Bacup Royal Court Theatre Group

Director: Oliver Peck

Musical Director: Nikki Turner

Choreographer: Millie Hall


After the success of “Jesus Christ Superstar”, which, at the time, was seen as controversial, another controversial topic was considered. Tim Rice was inspired by a radio program about the life of Eve Peron. A concept album of the new show Evita was released and the rest, as they say, is theatrical history. It is forty-one years since its opening and from that time Andrew Lloyd Webber has dominated musical theatre.


On a set design by Richard Brennand and Peter Thew, the set dressing gave credence to this epic story. It was extremely well-lit with archive footage projected. The sound design gave such clarity: every word of this sung through musical was heard. We had pleasing character presentation, and the costumes, including “that dress”, wigs and make-up were the finishing touches to the historical picture.


This show still has a lot to say. It is a story of a celebrity politician, a male dominated world and a back street actress who become the country’s heroine, their “spiritual chief”. For the creative team including Rich Brennand this district premiere clearly was a labour of love. The company was highly drilled: everyone was totally synchronised,  the movement/choreography could not have been tighter. The director allowed every part of Eva’s short life to be told. Every episode in her climb to that famous balcony appearance was dramatically exposed. There was so much necessary detail but nothing had been overlooked. The chorography captured the strong tango and military influences so that the movement was all executed with precision. Musically the company was totally focused and the fiendishly difficult score was so well delivered by the cast and orchestra.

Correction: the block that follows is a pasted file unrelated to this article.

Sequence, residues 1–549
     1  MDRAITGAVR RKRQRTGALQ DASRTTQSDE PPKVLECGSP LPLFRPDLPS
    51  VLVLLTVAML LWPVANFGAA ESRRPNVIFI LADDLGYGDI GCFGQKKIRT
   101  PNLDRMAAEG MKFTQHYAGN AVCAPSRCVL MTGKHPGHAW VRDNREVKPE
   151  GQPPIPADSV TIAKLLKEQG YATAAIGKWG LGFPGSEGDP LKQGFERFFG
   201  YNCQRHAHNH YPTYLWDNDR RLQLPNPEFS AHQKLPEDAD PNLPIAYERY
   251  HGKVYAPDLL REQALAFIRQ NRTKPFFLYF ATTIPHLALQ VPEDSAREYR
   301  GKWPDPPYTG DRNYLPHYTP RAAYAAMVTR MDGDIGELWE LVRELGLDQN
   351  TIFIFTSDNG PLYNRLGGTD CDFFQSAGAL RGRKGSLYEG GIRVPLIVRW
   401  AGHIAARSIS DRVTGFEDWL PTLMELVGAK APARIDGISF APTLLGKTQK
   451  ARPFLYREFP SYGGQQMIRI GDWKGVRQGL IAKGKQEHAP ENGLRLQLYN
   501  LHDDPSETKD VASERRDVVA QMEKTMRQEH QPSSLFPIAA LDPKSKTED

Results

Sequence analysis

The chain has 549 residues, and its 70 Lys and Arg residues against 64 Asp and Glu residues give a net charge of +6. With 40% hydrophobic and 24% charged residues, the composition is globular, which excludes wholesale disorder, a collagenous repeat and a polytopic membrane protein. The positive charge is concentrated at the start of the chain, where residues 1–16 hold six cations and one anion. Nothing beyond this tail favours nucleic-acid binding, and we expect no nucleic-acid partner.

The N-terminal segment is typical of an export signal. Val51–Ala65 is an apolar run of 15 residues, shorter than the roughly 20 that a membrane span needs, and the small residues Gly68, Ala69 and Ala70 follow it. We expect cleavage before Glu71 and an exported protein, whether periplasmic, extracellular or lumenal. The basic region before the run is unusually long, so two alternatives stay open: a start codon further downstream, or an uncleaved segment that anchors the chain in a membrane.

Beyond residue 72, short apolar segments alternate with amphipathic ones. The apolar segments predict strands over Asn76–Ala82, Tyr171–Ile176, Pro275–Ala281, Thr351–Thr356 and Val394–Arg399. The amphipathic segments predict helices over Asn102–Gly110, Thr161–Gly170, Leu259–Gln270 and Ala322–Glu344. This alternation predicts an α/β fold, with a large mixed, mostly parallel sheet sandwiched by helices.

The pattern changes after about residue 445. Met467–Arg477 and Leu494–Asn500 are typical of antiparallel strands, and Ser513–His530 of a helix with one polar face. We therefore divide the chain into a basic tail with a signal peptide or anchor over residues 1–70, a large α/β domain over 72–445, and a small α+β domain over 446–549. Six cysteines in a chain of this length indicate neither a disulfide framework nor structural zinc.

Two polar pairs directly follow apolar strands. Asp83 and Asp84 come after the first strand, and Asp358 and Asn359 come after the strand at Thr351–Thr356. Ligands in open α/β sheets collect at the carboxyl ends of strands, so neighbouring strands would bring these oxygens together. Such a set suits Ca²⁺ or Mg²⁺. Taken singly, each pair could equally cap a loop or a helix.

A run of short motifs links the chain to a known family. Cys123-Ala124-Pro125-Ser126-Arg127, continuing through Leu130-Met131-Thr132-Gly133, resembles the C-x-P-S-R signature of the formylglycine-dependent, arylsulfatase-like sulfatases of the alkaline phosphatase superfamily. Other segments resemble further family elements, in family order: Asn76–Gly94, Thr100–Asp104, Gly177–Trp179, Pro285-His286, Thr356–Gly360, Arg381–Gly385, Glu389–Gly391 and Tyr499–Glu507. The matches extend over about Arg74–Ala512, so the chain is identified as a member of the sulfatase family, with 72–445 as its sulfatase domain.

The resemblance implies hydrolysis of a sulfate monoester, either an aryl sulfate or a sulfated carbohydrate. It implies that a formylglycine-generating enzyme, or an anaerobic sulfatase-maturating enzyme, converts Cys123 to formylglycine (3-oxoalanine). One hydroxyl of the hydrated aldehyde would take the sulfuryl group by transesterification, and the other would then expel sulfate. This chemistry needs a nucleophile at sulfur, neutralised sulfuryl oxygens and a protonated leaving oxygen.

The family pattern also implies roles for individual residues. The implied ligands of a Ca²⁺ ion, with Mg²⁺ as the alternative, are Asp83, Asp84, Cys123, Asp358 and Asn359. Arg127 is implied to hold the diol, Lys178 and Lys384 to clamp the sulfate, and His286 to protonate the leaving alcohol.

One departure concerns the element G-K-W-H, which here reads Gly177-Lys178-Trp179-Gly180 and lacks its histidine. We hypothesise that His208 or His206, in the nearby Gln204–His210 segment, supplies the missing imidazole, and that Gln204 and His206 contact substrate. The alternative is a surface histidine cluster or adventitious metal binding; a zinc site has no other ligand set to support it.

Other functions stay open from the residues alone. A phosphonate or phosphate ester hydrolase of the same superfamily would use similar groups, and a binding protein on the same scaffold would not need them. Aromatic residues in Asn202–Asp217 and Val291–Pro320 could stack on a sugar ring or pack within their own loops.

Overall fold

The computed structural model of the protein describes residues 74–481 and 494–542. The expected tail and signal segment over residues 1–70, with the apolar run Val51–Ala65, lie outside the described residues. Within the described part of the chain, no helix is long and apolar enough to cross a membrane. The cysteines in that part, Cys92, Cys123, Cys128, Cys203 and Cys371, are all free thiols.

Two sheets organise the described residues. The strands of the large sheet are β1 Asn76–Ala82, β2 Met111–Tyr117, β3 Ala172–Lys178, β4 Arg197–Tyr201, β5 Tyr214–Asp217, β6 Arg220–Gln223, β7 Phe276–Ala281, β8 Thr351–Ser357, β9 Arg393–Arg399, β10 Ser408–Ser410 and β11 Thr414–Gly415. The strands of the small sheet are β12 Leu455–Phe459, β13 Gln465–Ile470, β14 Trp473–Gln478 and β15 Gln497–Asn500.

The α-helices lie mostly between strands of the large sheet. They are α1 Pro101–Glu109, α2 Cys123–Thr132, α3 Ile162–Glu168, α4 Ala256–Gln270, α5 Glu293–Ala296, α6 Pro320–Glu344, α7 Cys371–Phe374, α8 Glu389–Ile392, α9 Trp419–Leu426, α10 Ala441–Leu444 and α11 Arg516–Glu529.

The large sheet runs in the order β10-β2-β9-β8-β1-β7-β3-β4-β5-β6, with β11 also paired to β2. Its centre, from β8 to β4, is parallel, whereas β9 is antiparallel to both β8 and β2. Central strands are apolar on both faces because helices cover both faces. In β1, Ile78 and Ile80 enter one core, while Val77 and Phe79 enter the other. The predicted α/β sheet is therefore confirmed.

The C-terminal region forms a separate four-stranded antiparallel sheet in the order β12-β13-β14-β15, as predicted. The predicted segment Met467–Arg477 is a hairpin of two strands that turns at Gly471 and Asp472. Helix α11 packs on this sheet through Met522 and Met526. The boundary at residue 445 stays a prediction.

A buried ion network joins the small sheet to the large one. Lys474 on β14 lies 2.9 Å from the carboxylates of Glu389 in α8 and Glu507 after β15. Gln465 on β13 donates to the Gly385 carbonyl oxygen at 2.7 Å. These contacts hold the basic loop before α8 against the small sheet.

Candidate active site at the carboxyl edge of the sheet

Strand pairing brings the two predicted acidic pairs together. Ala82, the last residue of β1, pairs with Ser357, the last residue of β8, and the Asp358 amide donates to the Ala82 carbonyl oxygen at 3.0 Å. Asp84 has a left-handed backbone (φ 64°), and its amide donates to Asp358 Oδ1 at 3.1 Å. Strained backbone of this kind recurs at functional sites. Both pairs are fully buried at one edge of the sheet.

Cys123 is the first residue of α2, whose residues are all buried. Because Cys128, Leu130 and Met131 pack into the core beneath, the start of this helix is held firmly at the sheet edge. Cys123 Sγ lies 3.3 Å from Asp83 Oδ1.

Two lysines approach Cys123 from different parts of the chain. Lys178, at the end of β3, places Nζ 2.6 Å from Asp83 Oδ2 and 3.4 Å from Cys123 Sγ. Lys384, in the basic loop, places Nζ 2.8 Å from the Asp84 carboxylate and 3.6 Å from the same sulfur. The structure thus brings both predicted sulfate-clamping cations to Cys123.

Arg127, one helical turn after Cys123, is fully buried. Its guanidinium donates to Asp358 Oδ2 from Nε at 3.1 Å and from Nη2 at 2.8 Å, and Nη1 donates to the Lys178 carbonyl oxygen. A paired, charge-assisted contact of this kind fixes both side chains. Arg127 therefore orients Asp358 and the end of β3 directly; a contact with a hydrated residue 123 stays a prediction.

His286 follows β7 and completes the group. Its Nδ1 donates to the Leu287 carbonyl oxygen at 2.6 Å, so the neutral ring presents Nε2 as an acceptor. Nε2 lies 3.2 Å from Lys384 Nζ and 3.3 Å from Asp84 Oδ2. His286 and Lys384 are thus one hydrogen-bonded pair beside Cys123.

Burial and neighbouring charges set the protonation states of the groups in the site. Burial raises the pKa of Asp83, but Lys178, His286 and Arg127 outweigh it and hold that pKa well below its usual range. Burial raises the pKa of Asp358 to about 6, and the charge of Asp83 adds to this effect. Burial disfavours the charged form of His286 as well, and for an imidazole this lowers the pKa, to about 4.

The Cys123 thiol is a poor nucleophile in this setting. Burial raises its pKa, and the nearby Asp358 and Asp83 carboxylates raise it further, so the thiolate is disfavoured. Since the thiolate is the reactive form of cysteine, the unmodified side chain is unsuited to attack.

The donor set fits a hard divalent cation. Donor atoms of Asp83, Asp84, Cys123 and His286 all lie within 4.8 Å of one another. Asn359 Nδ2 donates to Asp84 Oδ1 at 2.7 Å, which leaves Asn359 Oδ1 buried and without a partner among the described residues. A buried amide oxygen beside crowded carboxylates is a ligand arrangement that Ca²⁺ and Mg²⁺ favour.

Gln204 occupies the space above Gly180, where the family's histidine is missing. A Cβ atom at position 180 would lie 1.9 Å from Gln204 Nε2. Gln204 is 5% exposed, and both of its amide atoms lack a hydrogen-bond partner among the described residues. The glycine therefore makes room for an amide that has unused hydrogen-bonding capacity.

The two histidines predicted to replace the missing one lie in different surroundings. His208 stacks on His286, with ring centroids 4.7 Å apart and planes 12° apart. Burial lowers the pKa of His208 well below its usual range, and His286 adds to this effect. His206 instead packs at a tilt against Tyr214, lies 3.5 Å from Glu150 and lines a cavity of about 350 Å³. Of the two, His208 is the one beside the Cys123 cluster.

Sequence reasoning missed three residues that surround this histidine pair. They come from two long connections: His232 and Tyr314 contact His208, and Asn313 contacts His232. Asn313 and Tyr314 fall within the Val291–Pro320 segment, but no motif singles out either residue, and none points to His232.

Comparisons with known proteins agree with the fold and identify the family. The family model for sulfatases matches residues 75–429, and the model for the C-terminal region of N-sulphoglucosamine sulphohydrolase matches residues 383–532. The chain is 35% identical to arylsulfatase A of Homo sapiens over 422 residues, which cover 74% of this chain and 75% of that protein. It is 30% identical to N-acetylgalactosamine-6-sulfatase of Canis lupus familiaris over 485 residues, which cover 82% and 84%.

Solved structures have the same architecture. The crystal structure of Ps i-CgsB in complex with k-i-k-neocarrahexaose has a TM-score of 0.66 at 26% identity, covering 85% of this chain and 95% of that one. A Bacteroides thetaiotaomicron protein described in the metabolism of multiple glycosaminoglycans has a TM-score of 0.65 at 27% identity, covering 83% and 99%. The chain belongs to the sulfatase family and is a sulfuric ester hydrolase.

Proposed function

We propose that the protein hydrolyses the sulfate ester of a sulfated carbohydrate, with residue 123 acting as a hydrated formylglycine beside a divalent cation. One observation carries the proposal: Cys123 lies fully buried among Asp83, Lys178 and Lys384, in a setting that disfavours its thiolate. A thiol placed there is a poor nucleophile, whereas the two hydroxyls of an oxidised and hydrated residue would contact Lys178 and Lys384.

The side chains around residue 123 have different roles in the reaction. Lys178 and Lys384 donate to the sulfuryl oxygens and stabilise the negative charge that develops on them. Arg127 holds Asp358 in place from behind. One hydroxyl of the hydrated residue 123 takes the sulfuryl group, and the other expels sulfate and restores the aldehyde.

The ensemble never stopped working and everyone brought much energy to the production. This was shown in musical numbers, “Buenos Aires”, “A New Argentina” and “And the Money Kept Rolling In”. These numbers set the stage for the characters which Eva meets on the way, via the bedroom, to the top. The first rung of the ladder (lover) is with the cabaret singer, Magaldi, who sang with the passion of his “Night of a Thousand Stars” played by Oliver Peck. After all-but-reaching Peron’s bed, his teenage lover has to be evicted. Jessica Kate Moran was lovely as Peron’s mistress; you could feel her pain as she sang “Another Suit Case, Another Hall”.


Ché is the narrator linking the unfolding events of Eva’s rise to becoming Argentina’s formidable first lady. Jay Broadhurst was charismatic as the revolutionary Ché. His vocal treatment of “Oh, What a Circus” and “High Flying Adored” held the audience. Playing the forceful leader, dictator Peron, is not an easy task as all the ambitious emotions and also the loving husband have to be displayed. Connal O’Reilly, as Juan Peron, captured all these character elements giving a believable performance.


Evita is such a mammoth role to play. There are so many demands vocally and the raw emotion of Eva’s cold and hungry ambitions have to be portrayed. Jenny-May O’Reilly had the vocal range, a high belt voice although maybe at times a little too open at the top. Her rendering of “You Must Love Me” showed the vulnerability of Eva. Never off the stage Jenny-May took the audience from Eva’s poor beginnings to almost sainthood with thrilling energy.


Forty years on Evita is still a powerful piece of musical theatre as proved in this production.